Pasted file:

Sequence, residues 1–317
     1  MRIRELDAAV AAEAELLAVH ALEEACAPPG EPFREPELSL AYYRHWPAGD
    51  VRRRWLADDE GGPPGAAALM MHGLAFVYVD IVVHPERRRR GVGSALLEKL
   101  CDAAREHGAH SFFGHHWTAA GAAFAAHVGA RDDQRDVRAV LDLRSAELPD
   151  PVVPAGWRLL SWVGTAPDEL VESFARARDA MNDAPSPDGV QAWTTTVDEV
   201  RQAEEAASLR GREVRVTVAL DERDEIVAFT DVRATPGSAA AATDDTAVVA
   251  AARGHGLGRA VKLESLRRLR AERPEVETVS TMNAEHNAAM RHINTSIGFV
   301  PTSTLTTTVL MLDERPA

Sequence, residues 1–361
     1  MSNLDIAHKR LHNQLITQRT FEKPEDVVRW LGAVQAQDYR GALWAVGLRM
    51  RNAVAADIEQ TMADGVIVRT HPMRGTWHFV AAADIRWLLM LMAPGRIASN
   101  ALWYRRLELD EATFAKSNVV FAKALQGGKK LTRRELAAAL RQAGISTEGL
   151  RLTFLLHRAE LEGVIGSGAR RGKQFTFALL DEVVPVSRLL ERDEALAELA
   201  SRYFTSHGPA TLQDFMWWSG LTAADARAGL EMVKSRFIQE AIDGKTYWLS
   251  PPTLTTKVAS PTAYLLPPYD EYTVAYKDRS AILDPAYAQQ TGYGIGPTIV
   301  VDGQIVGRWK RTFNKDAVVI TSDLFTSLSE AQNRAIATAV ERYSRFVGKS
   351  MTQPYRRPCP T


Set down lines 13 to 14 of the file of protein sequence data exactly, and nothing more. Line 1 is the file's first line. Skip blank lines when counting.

   151  RLTFLLHRAE LEGVIGSGAR RGKQFTFALL DEVVPVSRLL ERDEALAELA
   201  SRYFTSHGPA TLQDFMWWSG LTAADARAGL EMVKSRFIQE AIDGKTYWLS